Pay very close attention to the advert, job description, person specification and any other information the organisation provides and that you can find out through your research. For example, if in the advertising materials for the post you are offered the opportunity to find out more about the role before applying, embrace it! Make contact with the person listed and prepare for your conversation in advance. Don’t ask questions for which the answers could be easily found through the website, or application materials. Think about what you need to know to support your decision making around whether the role and the organisation are right for you and to help you target your CV further.

Taking time to do your background research and looking at the language in the recruitment literature and on the organisation’s web pages will help you with this. Try to weave this naturally through your CV.

If unsure, ask! And follow all instructions provided. Generally the length of a non-academic CV is two full pages of A4 but, you may find that certain sectors within the UK have a specific page length preference, for example, investment banking is often quoted as one such sub-sector within finance which tends to lean towards a 1 page CV.

Depends – you need to write a concise profile that is tailored to the role and that stimulates the interest of the recruiter, motivating them to read on. It needs to ‘whet the appetite’ i.e. focus in on the key points of ‘you’ e.g. skills, experience, qualifications, as they relate to the role. It is not a place to give detail, but key hooks to lead the reader on.

Suggestion: get a constructive critic to give you feedback on the initial impact of your profile. If your profile doesn’t hook the reader, than are you’re wasting space!

Identify the evidence, transferable skills and experience that are most appropriate to share for each role you apply to. Don’t just consider standard work or study based examples; what other things have you done or do you do that makes up who you are? E.g. volunteering, sport, entrepreneur, set-up a charity, PGR related interest groups, hobbies etc. Always keep in mind relevance; you are looking for examples across your various experiences that will allow you to evidence skills, experience, enthusiasm and potential. Don’t forget that some experiences that, on the one hand, may not seem related to the role, on the other may be ideal for showcasing the development of key transferable skills that you can’t showcase from more directly related examples.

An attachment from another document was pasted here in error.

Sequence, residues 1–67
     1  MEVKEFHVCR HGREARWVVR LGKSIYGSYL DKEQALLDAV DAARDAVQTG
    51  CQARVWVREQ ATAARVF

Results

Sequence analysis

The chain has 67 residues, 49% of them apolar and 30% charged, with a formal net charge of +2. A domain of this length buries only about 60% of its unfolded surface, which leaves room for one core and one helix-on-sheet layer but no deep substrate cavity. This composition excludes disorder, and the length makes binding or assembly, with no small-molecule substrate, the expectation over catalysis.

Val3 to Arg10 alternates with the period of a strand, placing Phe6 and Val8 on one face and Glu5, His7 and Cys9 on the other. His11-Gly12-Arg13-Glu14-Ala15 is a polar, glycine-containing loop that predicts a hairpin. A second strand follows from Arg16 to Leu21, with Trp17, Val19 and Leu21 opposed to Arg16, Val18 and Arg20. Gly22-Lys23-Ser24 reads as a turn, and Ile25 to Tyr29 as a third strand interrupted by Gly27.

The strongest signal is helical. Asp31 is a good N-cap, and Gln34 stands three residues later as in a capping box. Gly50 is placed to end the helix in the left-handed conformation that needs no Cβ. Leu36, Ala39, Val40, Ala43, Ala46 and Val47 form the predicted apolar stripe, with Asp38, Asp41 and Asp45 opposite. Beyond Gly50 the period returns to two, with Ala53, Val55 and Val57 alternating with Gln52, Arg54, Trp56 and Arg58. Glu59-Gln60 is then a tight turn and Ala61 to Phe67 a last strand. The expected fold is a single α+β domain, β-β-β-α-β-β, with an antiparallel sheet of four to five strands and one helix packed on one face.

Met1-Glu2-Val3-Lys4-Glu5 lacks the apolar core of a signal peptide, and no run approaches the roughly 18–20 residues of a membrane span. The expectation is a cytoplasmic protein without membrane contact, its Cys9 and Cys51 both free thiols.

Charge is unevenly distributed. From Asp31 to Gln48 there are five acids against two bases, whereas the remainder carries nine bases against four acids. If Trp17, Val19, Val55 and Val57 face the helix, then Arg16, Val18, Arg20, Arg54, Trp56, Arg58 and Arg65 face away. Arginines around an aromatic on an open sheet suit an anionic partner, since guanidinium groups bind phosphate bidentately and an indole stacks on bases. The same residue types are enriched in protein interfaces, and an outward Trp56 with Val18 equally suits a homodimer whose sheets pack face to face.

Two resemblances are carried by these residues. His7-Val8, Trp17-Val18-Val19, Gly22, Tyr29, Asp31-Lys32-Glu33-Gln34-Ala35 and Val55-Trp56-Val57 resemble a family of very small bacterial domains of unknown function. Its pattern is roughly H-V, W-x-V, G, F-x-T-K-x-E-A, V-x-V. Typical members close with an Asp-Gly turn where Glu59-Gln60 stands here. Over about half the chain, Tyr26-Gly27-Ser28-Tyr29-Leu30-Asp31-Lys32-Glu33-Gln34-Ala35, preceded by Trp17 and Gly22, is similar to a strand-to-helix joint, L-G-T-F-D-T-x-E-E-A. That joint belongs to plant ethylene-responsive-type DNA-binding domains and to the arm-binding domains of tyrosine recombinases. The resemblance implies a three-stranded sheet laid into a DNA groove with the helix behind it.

Make it positive, for example, don’t use ‘I feel’, ‘I think’, ‘I had to’. You need to confidently convey your actions using ‘power verbs’. You may find this link will help you get into the swing of this technique.

An applicant tracking system helps companies organize candidates for hiring and recruitment purposes. These systems allow businesses to collect information, organize prospects based on experience and skill set, and filter applicants’.

Generally speaking, it is the very large organisations that use ATS.

Hints and tips to help your CV be filtered ‘in’ not ‘out’ of the selection process when being scanned through the ATS process:

  • No spelling mistakes! The ATS will miss important keywords if misspelled.
  • Consider the keywords, buzzwords, technical terms, experience and skills used in the organisation’s recruitment material and in the industry
  • Paste your CV into a text file to check for any characters or formats that look strange – the ATS may not be able to read them.